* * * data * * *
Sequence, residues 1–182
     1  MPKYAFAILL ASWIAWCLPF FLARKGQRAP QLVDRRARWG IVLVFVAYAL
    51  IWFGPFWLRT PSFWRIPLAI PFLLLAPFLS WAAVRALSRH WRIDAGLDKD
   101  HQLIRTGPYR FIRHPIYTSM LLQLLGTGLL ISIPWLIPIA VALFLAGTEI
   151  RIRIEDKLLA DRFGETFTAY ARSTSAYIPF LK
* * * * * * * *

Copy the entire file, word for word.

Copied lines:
Sequence, residues 1–182
     1  MPKYAFAILL ASWIAWCLPF FLARKGQRAP QLVDRRARWG IVLVFVAYAL
    51  IWFGPFWLRT PSFWRIPLAI PFLLLAPFLS WAAVRALSRH WRIDAGLDKD
   101  HQLIRTGPYR FIRHPIYTSM LLQLLGTGLL ISIPWLIPIA VALFLAGTEI
   151  RIRIEDKLLA DRFGETFTAY ARSTSAYIPF LK